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Ukraine needs humanitarian aid, refugee assistance and arms


The Daily Hampshire Gazette is credited with encouraging lively debate about the war currently raging in Ukraine. Back and forth, some commentators have encouraged Russia’s occupation of large parts of eastern Ukraine, spoken out against military aid, complained that Ukrainian President Volodymyr Zelensky has rejected Russian invitations to negotiate and accused the Ukrainian government of allying with neo-Nazis to suppress Russian sympathizers. Others have argued that the United States should end sanctions against the Russian economy that seek to punish that country’s aggression.

There are good reasons to disagree. Foremost among the arguments for continued military aid are: the capture of Crimea and the Donbass region by Russia in 2014; his invasion of Ukraine in February; and the death and destruction he now visits upon this country, which we will examine below.

These are all flagrant violations of international law and of Article 2(4) of the UN Charter, which prohibits member states from using force against other states. These outrages, in our view, provide ample justification for the United States and NATO countries to support Ukraine with military and humanitarian assistance and to maintain economic sanctions against Russian President Vladimir Putin, his oligarch allies, and his government.

What about Zelensky’s alleged reluctance to negotiate with his opponents? Among its demands for a peace deal, Russia wants Ukraine to agree to remain militarily neutral, permanently cede Crimea to Russia and grant regional autonomy to Donbass, which sits on the Russian border. While the Ukrainian leader has indicated that his government will accept neutrality, he refuses to cede vital parts of his sovereign territory to Russia in exchange for Putin’s promise of peace.

Based on the Russian president’s broken promises to the Ukrainian government before and during the war – such as his assertion that Russia had no intention of invading – this decision is well made. Prior to World War II, Hitler made a similar promise in the Munich Agreement of 1938. In the negotiations leading to the agreement, British Prime Minister Neville Chamberlain attempted to avert war with Germany by accepting the Nazi occupation of the Czech Sudetenland in return for peace. We know how it happened.

It is now 84 years later. As we have become familiar with the rules-based order that was established in post-World War II Europe, it is difficult for most of us to truly understand what it was like to live in a Europe occupied by the Nazis and suffer Hitler’s murderous assaults. However, it is easy for Ukrainian civilians to imagine this kind of reality, as they endure Russia’s bombardment of their cities and many of the humanitarian evacuation corridors it has agreed to honor.

Putin’s army has also committed mass murders and starved civilians, bombed hospitals and schools, and driven millions to flee the country. We can add to these war crimes the Russian army’s use of large-scale rape as a weapon to terrorize civilians, a fact verified by Ukrainian and international organizations. If the Russian military is not committing what is technically described as genocide, it seems to be trying hard to do so.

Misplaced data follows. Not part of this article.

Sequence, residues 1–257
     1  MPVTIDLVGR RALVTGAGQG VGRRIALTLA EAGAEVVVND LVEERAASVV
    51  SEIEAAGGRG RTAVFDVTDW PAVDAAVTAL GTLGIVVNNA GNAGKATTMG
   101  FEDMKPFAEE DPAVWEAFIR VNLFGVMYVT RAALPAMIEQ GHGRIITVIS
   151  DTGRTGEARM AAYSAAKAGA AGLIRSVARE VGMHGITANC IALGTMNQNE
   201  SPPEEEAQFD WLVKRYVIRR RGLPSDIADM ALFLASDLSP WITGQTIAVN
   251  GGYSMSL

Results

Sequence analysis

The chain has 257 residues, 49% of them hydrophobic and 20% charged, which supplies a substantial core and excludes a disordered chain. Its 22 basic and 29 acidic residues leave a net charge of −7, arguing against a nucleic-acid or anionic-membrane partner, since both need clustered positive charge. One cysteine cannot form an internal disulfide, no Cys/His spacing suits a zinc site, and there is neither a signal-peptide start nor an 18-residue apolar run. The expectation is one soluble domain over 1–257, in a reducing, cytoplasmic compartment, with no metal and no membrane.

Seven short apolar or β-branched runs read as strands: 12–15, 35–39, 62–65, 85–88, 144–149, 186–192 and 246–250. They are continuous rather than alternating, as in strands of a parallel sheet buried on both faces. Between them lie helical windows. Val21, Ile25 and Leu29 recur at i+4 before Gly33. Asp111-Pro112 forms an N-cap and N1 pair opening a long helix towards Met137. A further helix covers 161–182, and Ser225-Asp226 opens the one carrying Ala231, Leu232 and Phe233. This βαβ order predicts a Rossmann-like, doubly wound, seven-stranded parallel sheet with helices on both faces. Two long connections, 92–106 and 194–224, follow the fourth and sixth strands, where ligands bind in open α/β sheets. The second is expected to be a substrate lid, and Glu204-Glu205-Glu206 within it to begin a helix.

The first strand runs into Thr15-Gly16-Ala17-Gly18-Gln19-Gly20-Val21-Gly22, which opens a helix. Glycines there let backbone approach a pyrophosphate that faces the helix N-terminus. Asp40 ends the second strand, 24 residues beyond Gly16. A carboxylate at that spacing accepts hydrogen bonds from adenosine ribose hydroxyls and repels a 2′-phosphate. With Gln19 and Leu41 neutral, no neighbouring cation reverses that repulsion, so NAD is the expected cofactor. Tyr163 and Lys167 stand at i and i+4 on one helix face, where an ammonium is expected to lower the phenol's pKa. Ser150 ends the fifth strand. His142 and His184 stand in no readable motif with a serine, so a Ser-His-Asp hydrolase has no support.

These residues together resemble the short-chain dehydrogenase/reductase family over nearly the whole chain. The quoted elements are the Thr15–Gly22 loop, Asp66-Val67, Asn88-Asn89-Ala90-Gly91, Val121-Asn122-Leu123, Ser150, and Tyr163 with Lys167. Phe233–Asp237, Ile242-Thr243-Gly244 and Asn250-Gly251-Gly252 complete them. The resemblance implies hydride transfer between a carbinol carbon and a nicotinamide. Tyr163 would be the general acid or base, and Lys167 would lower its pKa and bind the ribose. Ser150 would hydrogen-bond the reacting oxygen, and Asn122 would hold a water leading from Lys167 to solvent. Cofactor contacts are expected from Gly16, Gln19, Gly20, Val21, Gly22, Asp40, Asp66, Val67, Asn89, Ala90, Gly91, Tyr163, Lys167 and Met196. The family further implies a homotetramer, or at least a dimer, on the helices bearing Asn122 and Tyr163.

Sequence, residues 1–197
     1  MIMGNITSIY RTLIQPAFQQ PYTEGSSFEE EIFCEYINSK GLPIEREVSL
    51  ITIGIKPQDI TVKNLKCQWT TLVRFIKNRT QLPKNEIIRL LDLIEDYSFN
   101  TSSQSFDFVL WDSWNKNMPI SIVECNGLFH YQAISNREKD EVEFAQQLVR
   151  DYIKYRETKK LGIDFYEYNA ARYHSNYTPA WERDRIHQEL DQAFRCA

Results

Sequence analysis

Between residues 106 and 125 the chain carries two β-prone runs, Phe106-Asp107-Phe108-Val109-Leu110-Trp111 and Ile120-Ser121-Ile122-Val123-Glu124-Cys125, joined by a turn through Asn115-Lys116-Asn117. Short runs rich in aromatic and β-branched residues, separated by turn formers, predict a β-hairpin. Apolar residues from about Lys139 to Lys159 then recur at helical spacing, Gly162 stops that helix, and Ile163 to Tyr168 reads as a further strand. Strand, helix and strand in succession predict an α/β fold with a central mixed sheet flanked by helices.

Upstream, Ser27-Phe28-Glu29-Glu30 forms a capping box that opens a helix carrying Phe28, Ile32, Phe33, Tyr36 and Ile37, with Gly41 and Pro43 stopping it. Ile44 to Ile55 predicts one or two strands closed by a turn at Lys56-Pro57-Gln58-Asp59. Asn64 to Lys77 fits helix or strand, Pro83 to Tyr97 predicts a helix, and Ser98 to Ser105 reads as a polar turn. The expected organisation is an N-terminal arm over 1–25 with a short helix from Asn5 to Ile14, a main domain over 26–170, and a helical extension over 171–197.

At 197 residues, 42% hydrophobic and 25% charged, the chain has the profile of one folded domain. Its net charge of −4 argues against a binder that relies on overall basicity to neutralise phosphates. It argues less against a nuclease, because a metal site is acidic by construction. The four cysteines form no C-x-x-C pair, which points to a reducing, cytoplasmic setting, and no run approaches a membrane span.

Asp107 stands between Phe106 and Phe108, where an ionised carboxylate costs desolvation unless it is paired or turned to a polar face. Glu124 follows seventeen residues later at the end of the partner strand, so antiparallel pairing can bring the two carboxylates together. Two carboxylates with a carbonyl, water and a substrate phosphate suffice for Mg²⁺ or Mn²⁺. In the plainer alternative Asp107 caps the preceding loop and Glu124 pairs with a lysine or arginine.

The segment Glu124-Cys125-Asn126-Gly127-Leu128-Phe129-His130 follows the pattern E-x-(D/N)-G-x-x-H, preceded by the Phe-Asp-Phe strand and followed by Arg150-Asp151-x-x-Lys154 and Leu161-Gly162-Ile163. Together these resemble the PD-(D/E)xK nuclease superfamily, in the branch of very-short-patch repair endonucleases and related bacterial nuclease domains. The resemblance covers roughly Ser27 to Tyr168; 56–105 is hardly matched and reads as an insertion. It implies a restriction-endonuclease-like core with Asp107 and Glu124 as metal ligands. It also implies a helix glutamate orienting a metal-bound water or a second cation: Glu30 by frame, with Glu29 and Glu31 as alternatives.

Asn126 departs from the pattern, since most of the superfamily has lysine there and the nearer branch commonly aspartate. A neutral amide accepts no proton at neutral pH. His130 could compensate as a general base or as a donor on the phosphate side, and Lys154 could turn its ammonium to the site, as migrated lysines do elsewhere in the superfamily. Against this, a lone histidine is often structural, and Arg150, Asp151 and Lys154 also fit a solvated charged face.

Echoing Putin’s wartime propaganda about the “denazification” of Ukraine, some American commentators complain about the presence of neo-fascist elements in that country’s society and military. They accuse military aid of supporting far-right forces. The fact that extremists exist in Ukraine, however, does not define it any more than the neo-fascist elements active here define the United States and its military.

Other critics of military aid have accused President Zelensky of using militarist propaganda to foment his military and Ukrainian civilians into a hateful fury toward Russia, almost as if he was responsible for the invasion. The truth is that the Ukrainian people do not need to be incited to oppose Russian aggression. From frontline soldiers to territorial defense forces to the thousands of civilian men and women who volunteer to help the military, Ukrainians are fighting for their survival and for their country’s freedom.

As the war in Ukraine unfolds, European countries such as Moldova, Poland, Estonia and Lithuania, which were once part of the Soviet Union or its Cold War allies, fear being a future target of Putin’s expansionism. To the north, mostly neutral Sweden and Finland are so worried that they, as has been widely reported, are likely to apply for NATO membership. It is not surprising that these nations think they could be next if the Russian military succeeds in Ukraine.

Time and time again, Putin has demonstrated his determination to control or destroy countries he believes should be within Russia’s geographic sphere of influence. We shouldn’t stick our heads in the sand like Neville Chamberlain did when Nazi Germany invaded a European neighbour. Ukraine deserves our undivided support during its darkest hours.

Glenn Ruga is the executive director of the Social Documentary Network and former director of the Center for Balkan Development. Rob Wilson is a retired nonprofit director. He has volunteered on humanitarian aid projects in the United States and abroad. Michael Kane is a retired economic development specialist. He has been active in many efforts to bring peace as well as social, racial and economic justice and is a member of the Valley Syrian Relief Committee. Deborah Shriver is a retired water resource consultant. She now volunteers with organizations that provide humanitarian aid and pursue peacebuilding, social and environmental justice and is a member of the Valley Syrian Relief Committee.